Feb 21, 2013
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KGNU’s Claudia Cragg talks with Blair Levin about the new book he has co-authored ‘The Politics of Abundance - How Technology Can Fix the Budget, Revive the American Dream, and Establish Obama’s Legacy’
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EXCERPT - “Some will tell the President that the government should never have a growth strategy beyond being fiscally prudent and letting markets allocate capital. But a government that can land a thinking machine on Mars surely can develop an informed opinion about what sectors of the economy can grow rapidly and contribute to a high and rising standard of living for everyone. In any event, currently the knowledge and power markets cannot readily allocate capital appropriately because they are constricted by a web of law, externalities, and monopoly bottlenecks. Moreover, the government plays such a large role as a spender and regulator in these markets, that its conduct, whether or not coherently focused, enormously affects industry trends. Finally, if the United States economy does not rebuild the knowledge and power platform far faster, better, and cheaper than market forces are now doing, then Americans will suffer from inadequate educations, poor and expensive healthcare, and devastating climate change, for generations to come.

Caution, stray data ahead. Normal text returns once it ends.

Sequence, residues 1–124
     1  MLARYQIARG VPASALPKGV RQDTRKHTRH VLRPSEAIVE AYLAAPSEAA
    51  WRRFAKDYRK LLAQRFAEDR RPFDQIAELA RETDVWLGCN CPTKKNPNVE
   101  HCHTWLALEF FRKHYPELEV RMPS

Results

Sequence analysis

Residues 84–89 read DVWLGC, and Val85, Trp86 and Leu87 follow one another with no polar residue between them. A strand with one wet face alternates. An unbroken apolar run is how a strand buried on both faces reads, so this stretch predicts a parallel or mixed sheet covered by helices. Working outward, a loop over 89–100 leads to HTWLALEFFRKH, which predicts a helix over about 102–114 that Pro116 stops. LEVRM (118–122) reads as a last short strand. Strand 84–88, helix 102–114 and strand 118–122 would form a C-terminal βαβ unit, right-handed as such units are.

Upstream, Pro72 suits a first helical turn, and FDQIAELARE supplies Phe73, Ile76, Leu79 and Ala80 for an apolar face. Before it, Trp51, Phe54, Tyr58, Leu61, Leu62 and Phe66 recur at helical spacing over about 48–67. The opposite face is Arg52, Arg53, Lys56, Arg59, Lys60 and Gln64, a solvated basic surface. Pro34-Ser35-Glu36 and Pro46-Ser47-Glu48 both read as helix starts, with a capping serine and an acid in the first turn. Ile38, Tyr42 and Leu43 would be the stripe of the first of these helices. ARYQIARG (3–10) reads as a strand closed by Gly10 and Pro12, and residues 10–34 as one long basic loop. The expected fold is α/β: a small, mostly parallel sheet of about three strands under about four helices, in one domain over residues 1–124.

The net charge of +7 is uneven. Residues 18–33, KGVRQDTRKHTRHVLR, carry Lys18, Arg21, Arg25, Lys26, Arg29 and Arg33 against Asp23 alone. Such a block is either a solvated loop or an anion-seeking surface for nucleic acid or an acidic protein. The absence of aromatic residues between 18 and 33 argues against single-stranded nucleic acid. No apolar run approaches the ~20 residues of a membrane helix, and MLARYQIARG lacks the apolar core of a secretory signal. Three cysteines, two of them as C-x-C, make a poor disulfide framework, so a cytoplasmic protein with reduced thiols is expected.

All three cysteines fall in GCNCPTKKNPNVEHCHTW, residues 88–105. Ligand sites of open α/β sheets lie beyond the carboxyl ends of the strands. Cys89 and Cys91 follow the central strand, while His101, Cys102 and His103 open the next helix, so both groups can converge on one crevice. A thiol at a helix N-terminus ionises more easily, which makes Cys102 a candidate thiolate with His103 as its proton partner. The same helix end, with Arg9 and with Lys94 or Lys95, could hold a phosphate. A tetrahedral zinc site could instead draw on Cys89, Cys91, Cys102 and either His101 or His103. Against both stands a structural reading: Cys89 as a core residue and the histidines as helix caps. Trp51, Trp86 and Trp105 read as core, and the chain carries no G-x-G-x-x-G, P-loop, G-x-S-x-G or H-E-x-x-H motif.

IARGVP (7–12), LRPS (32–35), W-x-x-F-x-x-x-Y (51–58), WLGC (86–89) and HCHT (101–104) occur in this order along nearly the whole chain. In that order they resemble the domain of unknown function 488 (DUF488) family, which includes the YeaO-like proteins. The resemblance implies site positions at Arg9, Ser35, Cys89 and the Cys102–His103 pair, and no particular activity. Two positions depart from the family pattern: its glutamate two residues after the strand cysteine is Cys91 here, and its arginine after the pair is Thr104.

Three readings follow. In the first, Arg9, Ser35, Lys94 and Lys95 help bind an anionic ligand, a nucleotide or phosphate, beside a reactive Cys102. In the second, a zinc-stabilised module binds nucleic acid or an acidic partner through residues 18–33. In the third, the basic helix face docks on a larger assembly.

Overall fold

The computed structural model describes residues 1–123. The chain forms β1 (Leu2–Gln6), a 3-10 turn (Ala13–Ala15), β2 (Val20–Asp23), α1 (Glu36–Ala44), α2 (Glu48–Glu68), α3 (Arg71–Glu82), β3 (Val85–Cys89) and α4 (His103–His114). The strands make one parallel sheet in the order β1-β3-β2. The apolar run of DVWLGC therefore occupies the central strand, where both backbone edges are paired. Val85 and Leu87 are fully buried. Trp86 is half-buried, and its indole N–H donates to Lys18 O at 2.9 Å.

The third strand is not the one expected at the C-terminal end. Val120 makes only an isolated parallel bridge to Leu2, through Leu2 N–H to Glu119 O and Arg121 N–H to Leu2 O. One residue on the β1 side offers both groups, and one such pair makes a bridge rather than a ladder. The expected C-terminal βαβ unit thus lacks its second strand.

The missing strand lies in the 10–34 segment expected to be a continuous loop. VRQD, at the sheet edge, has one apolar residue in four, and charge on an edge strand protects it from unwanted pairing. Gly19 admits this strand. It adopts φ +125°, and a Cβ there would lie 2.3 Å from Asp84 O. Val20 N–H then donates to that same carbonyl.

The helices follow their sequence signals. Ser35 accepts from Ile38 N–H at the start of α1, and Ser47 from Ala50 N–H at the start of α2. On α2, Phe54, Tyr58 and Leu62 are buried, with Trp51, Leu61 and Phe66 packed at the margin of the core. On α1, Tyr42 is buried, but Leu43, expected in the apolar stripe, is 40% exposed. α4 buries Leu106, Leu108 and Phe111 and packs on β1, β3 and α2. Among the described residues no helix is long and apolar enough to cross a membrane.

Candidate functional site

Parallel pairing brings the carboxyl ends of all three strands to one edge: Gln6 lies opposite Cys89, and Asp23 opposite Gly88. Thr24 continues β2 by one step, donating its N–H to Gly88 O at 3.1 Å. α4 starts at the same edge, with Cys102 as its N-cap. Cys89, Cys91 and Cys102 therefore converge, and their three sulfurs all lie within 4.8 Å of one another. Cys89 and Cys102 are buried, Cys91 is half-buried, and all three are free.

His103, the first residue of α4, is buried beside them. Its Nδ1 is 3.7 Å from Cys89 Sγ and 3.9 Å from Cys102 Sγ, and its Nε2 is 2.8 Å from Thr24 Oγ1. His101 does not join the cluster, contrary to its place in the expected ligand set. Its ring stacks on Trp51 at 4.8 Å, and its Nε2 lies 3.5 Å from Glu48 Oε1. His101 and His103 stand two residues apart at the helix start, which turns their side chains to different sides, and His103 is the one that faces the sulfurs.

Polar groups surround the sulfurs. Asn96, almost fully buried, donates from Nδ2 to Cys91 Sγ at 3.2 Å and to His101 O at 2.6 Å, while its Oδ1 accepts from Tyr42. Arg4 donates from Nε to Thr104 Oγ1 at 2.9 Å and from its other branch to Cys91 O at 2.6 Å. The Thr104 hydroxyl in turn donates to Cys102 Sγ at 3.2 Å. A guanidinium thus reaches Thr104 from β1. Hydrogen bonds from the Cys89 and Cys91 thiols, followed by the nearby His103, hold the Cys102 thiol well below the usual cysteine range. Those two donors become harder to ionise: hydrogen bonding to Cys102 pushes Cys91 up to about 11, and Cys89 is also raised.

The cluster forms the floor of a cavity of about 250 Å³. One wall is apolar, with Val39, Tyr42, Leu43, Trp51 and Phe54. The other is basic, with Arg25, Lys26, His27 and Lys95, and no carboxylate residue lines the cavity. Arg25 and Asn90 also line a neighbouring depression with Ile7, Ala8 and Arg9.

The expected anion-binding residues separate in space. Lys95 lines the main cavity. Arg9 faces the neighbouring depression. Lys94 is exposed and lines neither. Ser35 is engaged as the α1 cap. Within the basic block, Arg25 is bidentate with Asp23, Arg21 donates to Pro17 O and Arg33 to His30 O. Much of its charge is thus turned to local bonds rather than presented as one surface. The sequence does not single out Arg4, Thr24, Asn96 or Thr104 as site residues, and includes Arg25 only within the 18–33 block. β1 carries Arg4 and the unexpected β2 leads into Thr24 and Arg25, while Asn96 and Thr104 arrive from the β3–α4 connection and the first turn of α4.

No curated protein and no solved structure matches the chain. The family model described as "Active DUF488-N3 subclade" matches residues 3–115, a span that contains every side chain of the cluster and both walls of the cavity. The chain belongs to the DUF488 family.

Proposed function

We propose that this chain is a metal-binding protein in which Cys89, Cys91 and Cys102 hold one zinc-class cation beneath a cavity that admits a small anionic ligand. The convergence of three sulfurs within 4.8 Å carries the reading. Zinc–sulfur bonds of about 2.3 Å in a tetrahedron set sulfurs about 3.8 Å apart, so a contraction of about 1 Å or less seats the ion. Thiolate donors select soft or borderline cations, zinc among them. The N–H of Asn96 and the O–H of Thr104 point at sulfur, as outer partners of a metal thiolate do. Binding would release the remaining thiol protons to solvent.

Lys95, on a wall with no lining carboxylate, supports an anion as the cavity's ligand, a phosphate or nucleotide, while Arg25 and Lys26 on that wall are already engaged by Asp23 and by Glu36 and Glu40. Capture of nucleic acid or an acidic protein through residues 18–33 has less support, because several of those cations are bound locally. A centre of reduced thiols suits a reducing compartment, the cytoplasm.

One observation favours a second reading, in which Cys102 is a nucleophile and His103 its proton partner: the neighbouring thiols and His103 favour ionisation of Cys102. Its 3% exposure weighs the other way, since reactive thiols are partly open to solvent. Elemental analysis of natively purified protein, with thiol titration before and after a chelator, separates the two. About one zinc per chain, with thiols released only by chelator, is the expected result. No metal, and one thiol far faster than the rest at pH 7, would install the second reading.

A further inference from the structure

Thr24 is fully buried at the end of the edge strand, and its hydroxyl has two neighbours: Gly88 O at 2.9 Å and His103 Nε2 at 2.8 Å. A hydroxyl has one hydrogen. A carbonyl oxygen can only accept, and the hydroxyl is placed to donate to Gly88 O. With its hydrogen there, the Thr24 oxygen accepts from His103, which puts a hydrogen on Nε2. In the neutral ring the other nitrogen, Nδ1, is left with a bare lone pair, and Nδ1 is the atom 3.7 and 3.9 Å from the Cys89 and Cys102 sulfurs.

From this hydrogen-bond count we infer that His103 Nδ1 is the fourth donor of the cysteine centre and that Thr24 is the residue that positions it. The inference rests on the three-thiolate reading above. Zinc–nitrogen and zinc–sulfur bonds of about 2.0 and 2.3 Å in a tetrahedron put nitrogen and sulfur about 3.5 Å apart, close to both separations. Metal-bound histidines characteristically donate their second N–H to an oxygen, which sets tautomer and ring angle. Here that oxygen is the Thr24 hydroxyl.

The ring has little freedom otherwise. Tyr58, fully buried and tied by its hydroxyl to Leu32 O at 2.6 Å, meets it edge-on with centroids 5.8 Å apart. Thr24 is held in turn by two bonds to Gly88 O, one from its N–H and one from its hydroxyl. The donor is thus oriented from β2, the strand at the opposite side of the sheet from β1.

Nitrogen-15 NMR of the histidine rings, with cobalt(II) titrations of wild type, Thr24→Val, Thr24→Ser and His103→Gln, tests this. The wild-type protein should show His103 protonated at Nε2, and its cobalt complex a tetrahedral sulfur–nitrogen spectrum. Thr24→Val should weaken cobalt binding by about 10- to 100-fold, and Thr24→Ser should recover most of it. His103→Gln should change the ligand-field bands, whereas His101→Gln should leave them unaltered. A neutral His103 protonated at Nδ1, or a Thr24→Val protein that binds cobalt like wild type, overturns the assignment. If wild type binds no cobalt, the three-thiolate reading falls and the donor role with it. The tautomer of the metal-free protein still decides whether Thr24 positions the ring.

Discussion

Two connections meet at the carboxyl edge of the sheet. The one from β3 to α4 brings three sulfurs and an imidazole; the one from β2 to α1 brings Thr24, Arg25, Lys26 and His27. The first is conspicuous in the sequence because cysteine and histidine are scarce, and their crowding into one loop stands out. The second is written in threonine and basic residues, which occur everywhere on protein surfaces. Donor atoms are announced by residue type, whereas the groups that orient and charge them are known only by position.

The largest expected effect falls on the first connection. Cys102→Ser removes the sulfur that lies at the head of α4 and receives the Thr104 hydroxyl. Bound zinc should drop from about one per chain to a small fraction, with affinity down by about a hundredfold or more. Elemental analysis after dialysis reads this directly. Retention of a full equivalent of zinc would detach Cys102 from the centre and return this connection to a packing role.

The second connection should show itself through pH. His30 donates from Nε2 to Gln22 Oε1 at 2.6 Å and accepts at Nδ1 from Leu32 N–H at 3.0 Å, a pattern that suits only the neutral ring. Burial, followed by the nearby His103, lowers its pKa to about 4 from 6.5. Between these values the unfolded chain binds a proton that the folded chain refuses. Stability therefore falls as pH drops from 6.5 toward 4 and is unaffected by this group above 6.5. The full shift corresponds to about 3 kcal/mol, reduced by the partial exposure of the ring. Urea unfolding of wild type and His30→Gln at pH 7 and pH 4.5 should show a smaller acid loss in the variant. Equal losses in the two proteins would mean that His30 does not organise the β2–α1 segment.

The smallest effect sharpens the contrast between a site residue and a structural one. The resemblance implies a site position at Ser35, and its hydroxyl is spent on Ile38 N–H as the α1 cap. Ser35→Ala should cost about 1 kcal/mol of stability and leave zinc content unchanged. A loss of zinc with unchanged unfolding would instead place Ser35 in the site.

However, those who remain unconvinced of the merits of a growth strategy, and prefer single-minded focus on the debt-to-GDP ratio, should be mollified by the fact that our legislative proposals for the two platforms reduce the deficit by about $100 billion, without accounting for the additional tax revenues that will be derived from more rapid economic growth. In Chapter 4, we suggest ways to negotiate for these measures as part of avoiding the “fiscal cliff.” Taken as a whole, our proposals outline the politics of abundance.” -Reed Hundt and Blair Levin
Levin oversaw the creation of the National Broadband Plan as the executive director of the Omnibus Broadband Initiative at the Federal Communications Commission in 2009 and 2010. He is now a fellow at the Aspen Institute Communications and Society Program and the executive director of Gig.U, a coalition of research university communities working to accelerate the deployment of next-generation networks in the United States.
The book’s co-author Reed Hundt is the CEO of the Coalition for Green Capital, a non-profit. He was chairman of the Federal Communications Commission from 1993 to 1997, and he was on Barack Obama’s Presidential transition team.
He sits on the boards of directors of Intel Corporation, ASSIA, a communications software firm, and Kno Inc., the education software company. He also serves on boards or as an advisor at the United Negro College Fund; the Clean Energy Finance and Investment Authority of Connecticut; the Advanced Energy Economy Institute; Yale School of Management; Peek, Inc., a mobile technology company; and Mytonomy, a social network for college planning.
Hundt has written many articles and two books: In China’s Shadow: The Crisis of American Entrepreneurship (Yale University Press, 2006) and You Say You Want A Revolution: A Story of Information Age Politics (Yale University Press, 2000). He graduated from Yale College, and Yale Law School.